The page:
The Book Of The Thousand Nights And A Night, Vol 1 Page-279

The Book Of The Thousand Nights And A Night, Vol 1

A plain and literal translation of the arabian nights entertainments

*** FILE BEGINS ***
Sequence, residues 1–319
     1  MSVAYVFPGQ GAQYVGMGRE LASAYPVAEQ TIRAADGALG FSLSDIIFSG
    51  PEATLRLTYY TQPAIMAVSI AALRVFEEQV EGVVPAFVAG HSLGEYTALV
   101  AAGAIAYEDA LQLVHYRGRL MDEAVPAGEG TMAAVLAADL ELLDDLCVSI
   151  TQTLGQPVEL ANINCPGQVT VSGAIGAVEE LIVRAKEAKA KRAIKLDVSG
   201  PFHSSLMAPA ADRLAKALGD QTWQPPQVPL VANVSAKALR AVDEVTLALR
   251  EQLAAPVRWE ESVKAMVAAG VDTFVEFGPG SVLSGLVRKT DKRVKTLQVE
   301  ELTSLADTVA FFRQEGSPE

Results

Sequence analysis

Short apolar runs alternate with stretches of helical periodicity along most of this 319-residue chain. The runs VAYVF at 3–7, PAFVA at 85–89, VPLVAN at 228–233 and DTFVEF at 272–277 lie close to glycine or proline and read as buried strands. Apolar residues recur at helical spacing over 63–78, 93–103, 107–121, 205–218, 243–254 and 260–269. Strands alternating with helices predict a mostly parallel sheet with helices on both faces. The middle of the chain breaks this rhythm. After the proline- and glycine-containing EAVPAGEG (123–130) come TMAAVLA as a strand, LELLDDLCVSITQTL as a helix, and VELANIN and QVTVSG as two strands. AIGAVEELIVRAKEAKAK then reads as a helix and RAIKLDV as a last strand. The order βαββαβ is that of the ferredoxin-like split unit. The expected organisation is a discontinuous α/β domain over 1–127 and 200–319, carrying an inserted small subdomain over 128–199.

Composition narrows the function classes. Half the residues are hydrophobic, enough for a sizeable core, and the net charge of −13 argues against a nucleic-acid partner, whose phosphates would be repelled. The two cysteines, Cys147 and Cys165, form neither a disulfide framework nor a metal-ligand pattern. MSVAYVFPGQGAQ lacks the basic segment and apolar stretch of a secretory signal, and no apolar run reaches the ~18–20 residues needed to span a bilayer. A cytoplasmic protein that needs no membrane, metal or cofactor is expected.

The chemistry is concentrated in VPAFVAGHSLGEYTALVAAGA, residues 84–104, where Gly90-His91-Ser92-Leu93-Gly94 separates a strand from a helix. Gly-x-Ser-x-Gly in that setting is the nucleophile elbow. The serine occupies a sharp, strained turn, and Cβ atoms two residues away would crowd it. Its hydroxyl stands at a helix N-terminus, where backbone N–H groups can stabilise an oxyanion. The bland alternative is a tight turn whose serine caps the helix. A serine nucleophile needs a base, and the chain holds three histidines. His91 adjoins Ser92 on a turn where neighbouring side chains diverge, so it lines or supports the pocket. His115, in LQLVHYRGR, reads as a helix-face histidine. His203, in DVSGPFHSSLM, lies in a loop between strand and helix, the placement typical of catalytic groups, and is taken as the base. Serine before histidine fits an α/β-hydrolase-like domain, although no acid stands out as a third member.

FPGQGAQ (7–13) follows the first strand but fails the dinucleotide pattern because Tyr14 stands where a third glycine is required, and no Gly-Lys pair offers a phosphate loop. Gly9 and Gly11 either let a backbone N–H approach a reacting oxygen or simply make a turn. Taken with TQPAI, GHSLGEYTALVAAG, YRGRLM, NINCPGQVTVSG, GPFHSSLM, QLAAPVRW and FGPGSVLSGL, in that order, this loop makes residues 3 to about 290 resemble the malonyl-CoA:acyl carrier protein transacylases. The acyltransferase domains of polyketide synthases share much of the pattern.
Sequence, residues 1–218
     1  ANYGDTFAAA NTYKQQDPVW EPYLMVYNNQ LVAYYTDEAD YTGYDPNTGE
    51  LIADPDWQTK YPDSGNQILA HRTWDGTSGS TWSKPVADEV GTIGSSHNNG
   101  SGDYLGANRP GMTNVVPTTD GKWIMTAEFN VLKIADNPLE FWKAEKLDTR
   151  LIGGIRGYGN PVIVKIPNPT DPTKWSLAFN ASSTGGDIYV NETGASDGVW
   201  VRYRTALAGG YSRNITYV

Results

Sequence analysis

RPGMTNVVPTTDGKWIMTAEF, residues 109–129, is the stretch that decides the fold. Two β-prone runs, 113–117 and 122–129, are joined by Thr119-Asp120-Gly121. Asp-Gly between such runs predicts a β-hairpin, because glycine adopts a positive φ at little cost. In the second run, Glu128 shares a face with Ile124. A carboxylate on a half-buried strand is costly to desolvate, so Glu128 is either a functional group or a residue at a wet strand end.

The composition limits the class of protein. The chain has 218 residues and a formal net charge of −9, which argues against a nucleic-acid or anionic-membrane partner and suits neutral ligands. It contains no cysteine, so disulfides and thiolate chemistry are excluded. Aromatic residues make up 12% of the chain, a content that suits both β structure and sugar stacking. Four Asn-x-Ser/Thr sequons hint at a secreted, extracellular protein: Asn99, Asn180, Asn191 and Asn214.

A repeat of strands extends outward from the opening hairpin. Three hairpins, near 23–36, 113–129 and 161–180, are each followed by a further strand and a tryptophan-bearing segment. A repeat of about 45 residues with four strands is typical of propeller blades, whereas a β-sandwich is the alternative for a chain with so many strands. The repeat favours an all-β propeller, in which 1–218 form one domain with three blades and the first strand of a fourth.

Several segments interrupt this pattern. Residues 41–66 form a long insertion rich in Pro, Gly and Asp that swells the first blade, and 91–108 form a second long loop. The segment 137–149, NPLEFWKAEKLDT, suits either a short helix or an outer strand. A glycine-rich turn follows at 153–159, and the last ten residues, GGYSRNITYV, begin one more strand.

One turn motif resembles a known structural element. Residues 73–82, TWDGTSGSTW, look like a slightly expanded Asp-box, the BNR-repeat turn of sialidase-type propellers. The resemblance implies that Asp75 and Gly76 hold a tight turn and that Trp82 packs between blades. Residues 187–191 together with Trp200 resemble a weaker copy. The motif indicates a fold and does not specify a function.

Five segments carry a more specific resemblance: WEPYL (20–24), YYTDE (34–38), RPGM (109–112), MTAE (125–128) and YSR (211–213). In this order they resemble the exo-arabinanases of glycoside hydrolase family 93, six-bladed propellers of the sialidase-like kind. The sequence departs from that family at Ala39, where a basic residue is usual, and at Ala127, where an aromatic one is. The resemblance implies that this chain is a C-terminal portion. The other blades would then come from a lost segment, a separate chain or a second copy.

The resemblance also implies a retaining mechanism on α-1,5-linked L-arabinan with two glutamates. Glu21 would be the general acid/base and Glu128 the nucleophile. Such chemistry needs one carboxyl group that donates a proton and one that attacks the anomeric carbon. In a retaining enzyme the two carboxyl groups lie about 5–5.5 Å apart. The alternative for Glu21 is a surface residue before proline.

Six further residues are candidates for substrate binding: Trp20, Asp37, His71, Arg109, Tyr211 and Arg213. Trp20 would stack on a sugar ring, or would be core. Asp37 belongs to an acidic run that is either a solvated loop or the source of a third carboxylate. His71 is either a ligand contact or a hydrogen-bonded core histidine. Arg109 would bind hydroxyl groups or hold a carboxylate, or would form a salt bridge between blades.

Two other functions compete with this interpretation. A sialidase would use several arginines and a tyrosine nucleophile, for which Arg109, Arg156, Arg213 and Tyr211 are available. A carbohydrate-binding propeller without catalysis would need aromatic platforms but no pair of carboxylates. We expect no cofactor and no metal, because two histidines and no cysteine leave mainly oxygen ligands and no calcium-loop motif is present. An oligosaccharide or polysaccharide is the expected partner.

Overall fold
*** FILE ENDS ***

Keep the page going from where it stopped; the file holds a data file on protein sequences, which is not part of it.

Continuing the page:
Then he turned to me and said, “Know, O my son, that the elder damsel who first came to thee was my daughter whom I used to keep closely guarded. When she grew up, I sent her to Cairo and married her to her cousin, my brother’s son. After a while he died and she came back: but she had learnt wantonness and ungraciousness from the people of Cairo;[FN#598] so she visited thee four times and at last brought her younger sister. Now they were sisters-german and much attached to each other; and, when that adventure happened to the elder, she disclosed her secret to her sister who desired to go out with her. So she asked thy leave and carried her to thee; after which she returned alone and, finding her weeping, I questioned her of her sister, but she said, ‘I know nothing of her.’ However, she presently told her mother privily of what had happened and how she had cut off her sister’s head and her mother told me. Then she ceased not to weep and say, ‘By Allah! I shall cry for her till I die.’ Nor did she give over mourning till her heart broke and she died; and things fell out after that fashion. See then, O my son, what hath come to pass; and now I desire thee not to thwart me in what I am about to offer thee, and it is that I purpose to marry thee to my youngest daughter; for she is a virgin and born of another mother;[FN#599] and I will take no dower of thee but, on the contrary, will appoint thee an allowance, and thou shalt abide with me in my house in the stead of my son.” “So be it,” I answered, “and how could I hope for such good fortune?” Then he sent at once for the Kazi and witnesses, and let write my marriage contract with his daughter and I went in to her. Moreover, he got me from the Syndic of the bazaar a large sum of money and I became in high favour with him. During this year news came to me that my father was dead and the Wazir despatched a courier, with letters bearing the royal sign manual, to fetch me the money which my father had left behind him, and now I am living in all the solace of life. Such was the manner of the cutting off my right hand.” I marvelled at his story (continued the Jew), and I abode with him three days after which he gave me much wealth, and I set out and travelled Eastward till I reached this your city and the sojourn suited me right well; so I took up my abode here and there befell me what thou knowest with the Hunchback. There upon the King of China shook his head[FN#600] and said, “This story of thine is not stranger and more wondrous and marvellous and delectable than the tale of the Hunchback; and so needs must I hang the whole number of you. However there yet remains the Tailor who is the head of